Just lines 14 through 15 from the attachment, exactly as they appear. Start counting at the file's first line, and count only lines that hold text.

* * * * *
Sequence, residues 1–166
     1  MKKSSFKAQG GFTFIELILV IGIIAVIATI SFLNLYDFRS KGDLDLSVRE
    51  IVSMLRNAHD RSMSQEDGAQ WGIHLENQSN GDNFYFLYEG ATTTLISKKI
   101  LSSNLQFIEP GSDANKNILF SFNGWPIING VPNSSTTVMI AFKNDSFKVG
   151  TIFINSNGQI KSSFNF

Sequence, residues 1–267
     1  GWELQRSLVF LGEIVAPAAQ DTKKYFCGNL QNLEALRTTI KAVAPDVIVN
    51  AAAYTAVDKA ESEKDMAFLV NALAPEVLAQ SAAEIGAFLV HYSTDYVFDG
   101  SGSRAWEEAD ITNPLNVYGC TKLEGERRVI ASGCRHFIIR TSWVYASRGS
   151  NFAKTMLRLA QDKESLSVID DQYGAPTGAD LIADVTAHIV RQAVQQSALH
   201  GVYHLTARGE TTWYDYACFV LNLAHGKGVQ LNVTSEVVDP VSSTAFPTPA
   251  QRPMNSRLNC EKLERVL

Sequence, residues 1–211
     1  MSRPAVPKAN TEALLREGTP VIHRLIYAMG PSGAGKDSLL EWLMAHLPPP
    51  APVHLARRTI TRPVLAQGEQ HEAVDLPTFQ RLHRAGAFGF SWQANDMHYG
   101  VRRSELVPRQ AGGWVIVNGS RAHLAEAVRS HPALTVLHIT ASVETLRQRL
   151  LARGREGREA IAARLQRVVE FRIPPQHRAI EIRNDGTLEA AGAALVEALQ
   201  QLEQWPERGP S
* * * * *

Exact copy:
     1  MSRPAVPKAN TEALLREGTP VIHRLIYAMG PSGAGKDSLL EWLMAHLPPP
    51  APVHLARRTI TRPVLAQGEQ HEAVDLPTFQ RLHRAGAFGF SWQANDMHYG